Oily fish has been linked to many health benefits, including a lower risk of heart disease, improved mental ability, and protection from cancer, alcohol-related dementia, and rheumatoid arthritis.

Fish oil contains the two fatty acids, eicosapentaenoic acid (EPA) and docosahexaenoic acid (DHA). These are believed to benefit the cardiovascular system.

The American Heart Association (AHA) suggests consuming at least two servings of fish, and especially oily fish, each week. A serving is 3.5 ounces of cooked fish, or about three-quarters of a cup of flaked fish.

Fast facts on oily fish:

  • Oily fish has been linked to many health benefits and can be enjoyed as part of a balanced diet.
  • From a nutritional point of view, oily fish is a good source of protein and omega-3s.
  • Large fish should not be consumed often, as trace elements of mercury in fish can cause illness over time.
  • Benefits have been suggested including a lower risk of dementia and cancer.

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Oily fish like salmon can have a range of health benefits when part of a balanced diet.

Oily fish contain significant amounts of oil throughout their body tissues and in their belly cavity. Examples of oily fish include:

  • trout
  • salmon
  • sardines
  • pilchards
  • kippers
  • eels
  • whitebait
  • mackerel
  • herring
  • tuna

All these fish are rich in omega-3 fatty acids, whether canned, fresh, or frozen.

Oily fish is rich in omega-3 polyunsaturated fatty acids, which have been shown to reduce inflammation and potentially lower the risk of heart disease, cancer, and arthritis. Both white and oily fish are good sources of lean protein. White fish contains fatty acids, but only in the liver, and in smaller quantities.

Cardiovascular disease

Consuming oily fish can help protect against cardiovascular disease, according to the AHA. A study published by the American Physiological Society suggests that fatty fish oils can also protect the heart during times of mental stress.

Rheumatoid arthritis

A study published in the Annals of the Rheumatic Diseases journal linked an average daily intake of at least 0.21 grams (or 210 milligrams) a day of omega-3 with a 52 percent lower risk of developing rheumatoid arthritis (RA). Other research suggests that omega-3 fatty acids might protect against the future development of RA.

Dementia

Among people who abuse alcohol, fish oil may offer protection from dementia. Brain cells that were exposed to a mix of fish oil and alcohol had 95 percent less neuroinflammation and neuronal death compared with brain cells that were only exposed to alcohol.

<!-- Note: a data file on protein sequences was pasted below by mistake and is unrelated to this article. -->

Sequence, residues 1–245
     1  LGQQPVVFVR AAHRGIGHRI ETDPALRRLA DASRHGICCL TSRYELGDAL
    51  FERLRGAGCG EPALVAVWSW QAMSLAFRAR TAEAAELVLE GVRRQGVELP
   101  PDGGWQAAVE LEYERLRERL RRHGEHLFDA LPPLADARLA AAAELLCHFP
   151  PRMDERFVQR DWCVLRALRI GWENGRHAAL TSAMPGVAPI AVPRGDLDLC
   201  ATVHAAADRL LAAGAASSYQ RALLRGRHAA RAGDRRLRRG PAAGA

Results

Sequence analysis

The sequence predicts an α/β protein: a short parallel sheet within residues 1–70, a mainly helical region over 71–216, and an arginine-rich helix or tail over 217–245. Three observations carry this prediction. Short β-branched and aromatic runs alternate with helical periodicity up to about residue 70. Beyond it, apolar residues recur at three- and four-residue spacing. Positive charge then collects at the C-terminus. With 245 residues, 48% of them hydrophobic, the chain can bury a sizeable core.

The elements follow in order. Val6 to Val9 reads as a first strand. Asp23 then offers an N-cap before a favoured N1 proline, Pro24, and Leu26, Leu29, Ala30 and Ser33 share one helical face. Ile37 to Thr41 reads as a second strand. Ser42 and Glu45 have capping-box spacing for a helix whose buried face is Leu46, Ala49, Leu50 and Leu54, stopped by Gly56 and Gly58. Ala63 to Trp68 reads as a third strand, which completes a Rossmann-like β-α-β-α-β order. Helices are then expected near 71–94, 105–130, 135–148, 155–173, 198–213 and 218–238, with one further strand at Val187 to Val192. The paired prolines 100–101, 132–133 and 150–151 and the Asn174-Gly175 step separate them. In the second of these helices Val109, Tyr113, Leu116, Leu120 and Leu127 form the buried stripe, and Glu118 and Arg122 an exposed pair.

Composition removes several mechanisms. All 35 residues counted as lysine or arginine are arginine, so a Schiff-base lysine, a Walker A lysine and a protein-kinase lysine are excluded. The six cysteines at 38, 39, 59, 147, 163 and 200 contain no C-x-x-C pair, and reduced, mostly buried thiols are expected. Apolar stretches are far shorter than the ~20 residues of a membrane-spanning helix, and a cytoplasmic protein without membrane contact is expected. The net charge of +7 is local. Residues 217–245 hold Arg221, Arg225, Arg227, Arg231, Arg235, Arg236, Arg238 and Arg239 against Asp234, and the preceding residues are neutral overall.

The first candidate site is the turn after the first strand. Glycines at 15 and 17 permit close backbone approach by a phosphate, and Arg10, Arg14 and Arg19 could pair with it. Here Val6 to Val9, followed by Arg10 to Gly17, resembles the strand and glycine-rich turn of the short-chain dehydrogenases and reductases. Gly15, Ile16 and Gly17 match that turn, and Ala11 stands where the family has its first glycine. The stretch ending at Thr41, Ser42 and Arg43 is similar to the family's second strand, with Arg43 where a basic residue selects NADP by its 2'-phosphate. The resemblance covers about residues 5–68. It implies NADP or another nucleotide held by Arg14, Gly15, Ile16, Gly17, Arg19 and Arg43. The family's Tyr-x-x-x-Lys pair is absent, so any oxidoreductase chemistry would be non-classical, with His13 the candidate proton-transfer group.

Mouth and skin cancers

Oily fish consumption may protect against early- and late-stage oral and skin cancers. Omega-3 fatty acid has been found to target and selectively inhibit the growth of malignant and pre-malignant cells at doses that do not affect the normal cells.

Sensory, cognitive, and motor development

Consuming oily fish during the last months of pregnancy can have positive effects on a child's sensory, cognitive, and motor development, research suggests. The same study did not find that breast-feeding offered the same benefits.

Asthma

The children of women who regularly consumed salmon during pregnancy may be less likely to show signs of asthma at the age of 2.5.

Protecting vision and memory

DHA can protect against vision loss. Scientists have identified a link between oily fish consumption and a lower risk of vision loss in older people. A study published in PLOS One indicates that eating oily fish may improve working memory.

Breast and prostate cancer

One meta-analysis of nearly 900,000 women has linked a higher consumption of oily fish with a lower risk of breast cancer. However, another team found that men with high quantities of omega-3 oil in their blood had a higher risk of prostate cancer.

Although eating oily fish promotes many aspects of good health, overconsumption may not be beneficial. A recent study found a risk of premature death in people with both high and low levels of HDL, raising the question of whether more HDL is always better.

Also, high levels of HDL can be harmful for people who are undergoing dialysis, because it can increase levels of inflammation.

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Large fish like swordfish, pictured here, should be consumed in moderation as they contain higher levels of pollutants.

The United States Food and Drug Administration (FDA) note that nearly all fish and shellfish contain traces of mercury. Oily fish also contain pollutants called polychlorinated biphenyls (PCBs) and dioxins.

These pollutants do not have an immediate effect on health, but long-term exposure can be harmful. Larger fish contain more pollutants and heavy metals, and, therefore, should be consumed rarely to limit exposure and risks.

These fish include:

  • shark
  • tilefish
  • swordfish
  • marlin
  • king mackerel

Dioxins are highly toxic compounds. Humans are exposed to them through animal products, including fish. High exposure can cause skin lesions and impairment of the immune and reproductive systems.

When considering what fish to buy, sustainability is often a concern of consumers. The Marine Stewardship Council seal can help people identify fish products that come from verified sustainable fisheries to ensure sustainable fishing practices and minimized environmental impact.